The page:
Safeguarding the mental health of children in child labour in Nepal

According to the ILO, 79 million children are in “hazardous work in the world (pdf)”, which poses an immediate danger to their health, safety and wellbeing. The effect on their mental health and wellbeing is unquestionable. So, as countries around the world reflect on the World Day Against Child Labour understanding and addressing the psychosocial impacts on children must be at the forefront of these conversations.

There are 1.1 million children working in child labour in Nepal (pdf) – yet with the closing down of their industries such as factories, hotels, restaurants, the Adult Entertainment Sector (AES) and domestic work during the pandemic has made them more vulnerable to hunger, trafficking, victimisation and abandonment than ever.

Given the emphasis and importance of CLARISSA’s approach as a child-centred consortium, collecting the life stories of children is very much at its heart. However, the context is fragile and many of these children have been through traumatic experiences in their lives, so the team did not want to ask them to share their stories without provide adequate support and guidance. It is because of this that CLARISSA prioritised safeguarding and mental health and psychosocial support (MHPSS) in Nepal.

However, shortly after CLARISSA launched in Nepal, the pandemic hit. At the time, CLARISSA Nepal had planned to collect the life stories of children and young people working in the AES industry, along with street-connected children, domestic workers, and those working in the transportation sector.

Creating safeguarding guidelines

Despite the pandemic, the team continued to collect the life stories of children. In parallel, the team, with child-led researchers, developed new guidelines on safeguarding and MHPSS based on the principles of the Convention on the Rights of the Child, ensuring the best interests of children, non-discrimination, child participation, survival and development. The process in developing the guidelines included:

  • Risk assessment: The risk assessment exercise was carried out among the CLARISSA team, including identifying mitigation strategies. The major identified risks were: not obtaining permission from parents/guardians; drop-out of children/young people from the process; the life story collection process being too time-consuming.
  • Checklist preparation: The team prepared the checklist in a safe and friendly environment to collect the stories, ensured the provision of sanitiser, masks, drinking water and food, and addressed other difficulties with children/young people.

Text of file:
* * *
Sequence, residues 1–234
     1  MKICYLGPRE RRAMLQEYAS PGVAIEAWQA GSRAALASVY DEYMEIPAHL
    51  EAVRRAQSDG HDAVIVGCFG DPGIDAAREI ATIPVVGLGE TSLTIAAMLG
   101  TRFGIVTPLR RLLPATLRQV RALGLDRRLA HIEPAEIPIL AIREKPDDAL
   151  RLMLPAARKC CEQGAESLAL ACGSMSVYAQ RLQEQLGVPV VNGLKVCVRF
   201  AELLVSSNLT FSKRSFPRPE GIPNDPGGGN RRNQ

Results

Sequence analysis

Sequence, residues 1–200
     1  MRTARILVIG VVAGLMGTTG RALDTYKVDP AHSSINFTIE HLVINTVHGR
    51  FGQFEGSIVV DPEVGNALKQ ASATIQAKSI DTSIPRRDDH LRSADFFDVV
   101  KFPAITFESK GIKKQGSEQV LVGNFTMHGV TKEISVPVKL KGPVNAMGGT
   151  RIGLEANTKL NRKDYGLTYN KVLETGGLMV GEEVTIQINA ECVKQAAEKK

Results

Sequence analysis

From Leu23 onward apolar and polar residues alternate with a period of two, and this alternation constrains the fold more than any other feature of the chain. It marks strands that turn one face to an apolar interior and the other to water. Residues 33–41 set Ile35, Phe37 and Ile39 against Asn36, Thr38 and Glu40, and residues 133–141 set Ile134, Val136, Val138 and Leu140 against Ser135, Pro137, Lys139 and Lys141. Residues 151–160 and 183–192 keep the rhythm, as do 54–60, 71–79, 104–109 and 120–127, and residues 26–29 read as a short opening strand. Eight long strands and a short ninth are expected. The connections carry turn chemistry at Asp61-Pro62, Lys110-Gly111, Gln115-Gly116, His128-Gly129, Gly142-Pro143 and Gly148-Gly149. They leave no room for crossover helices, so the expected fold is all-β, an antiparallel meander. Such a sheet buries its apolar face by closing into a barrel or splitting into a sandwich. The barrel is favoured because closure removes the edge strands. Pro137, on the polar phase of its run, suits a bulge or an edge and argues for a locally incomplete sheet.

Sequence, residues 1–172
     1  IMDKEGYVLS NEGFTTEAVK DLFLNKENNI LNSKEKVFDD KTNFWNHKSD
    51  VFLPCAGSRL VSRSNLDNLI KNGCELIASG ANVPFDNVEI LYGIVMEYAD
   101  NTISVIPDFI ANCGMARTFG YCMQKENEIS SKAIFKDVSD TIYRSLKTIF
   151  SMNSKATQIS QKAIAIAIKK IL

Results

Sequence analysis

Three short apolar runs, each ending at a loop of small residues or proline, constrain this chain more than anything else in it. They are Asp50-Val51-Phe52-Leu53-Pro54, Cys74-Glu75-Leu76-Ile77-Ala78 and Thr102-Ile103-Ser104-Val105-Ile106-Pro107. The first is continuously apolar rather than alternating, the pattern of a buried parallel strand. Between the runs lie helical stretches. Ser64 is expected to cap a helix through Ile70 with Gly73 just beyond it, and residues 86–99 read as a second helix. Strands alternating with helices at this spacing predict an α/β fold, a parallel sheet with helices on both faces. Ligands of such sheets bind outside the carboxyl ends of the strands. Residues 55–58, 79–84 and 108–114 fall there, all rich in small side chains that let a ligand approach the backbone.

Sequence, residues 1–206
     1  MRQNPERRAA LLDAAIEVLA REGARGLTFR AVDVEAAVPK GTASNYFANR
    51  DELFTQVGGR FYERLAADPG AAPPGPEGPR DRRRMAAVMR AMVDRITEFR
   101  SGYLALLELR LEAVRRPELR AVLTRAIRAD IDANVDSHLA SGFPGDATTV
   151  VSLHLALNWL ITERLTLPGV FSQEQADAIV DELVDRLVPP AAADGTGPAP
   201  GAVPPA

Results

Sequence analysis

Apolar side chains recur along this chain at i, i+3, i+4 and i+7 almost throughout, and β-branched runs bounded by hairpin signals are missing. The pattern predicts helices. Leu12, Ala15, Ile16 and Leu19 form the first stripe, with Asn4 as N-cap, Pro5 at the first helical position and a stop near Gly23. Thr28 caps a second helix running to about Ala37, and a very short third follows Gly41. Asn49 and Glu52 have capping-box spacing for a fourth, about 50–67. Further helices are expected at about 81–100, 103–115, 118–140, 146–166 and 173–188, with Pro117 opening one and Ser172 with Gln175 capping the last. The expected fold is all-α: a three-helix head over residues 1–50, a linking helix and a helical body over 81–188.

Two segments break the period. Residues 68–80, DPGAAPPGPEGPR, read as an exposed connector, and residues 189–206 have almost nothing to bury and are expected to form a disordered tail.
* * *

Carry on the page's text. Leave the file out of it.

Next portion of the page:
• Capacity building on safeguarding and MHPSS: The professional researchers and team were given training on safeguarding and MHPSS, focusing on the life story collection process. The training was also provided to child-led researchers as there was the possibility of during the life story collection process.
  • Preparing and reviewing the tools: The team prepared and reviewed the tools for the life story collection process, which were: a Consent Form for story collection/taking photos and videos; a Reporting Form to record the safeguarding and MHPSS information; and a Database to record the identified safeguarding and psychosocial issues.
  • Introductory meeting: Before the life story collection process began, the team talked about the importance of the process through individual and group meetings.
  • Coordination with professional psychologist: The team signed a memorandum of understanding with a professional psychologist to provide MHPSS as required.

Safeguarding during and after the life story collection

Throughout the process, the researchers identified several children that were upset and distressed. In those moments, support was provided by the researchers as Psychological First Aid (PFA), and the children were referred for psychological support to a psychologist through the safeguarding focal person.

The team is still in contact with the storytellers (children and young people) to monitor any safeguarding issues, and is providing psychosocial support as needed. Based on the follow-ups, 13 children have received individual counselling sessions from the psychologists to overcome their negative feelings and views. 35 children/young people received eight group counselling sessions and were taught about exploring life skills, effective communication, interpersonal skills etc.

Following the life story collection, the team organised a review and reflection workshop with the children and young people who participated. Overall, they felt that the approach to safeguarding and MHPSS was very helpful and considered.

CLARISSA Nepal remains committed to continuing to take care of mental health and safeguarding of children. This is not just for our story collection, or the World Day Against Child Labour, but every day.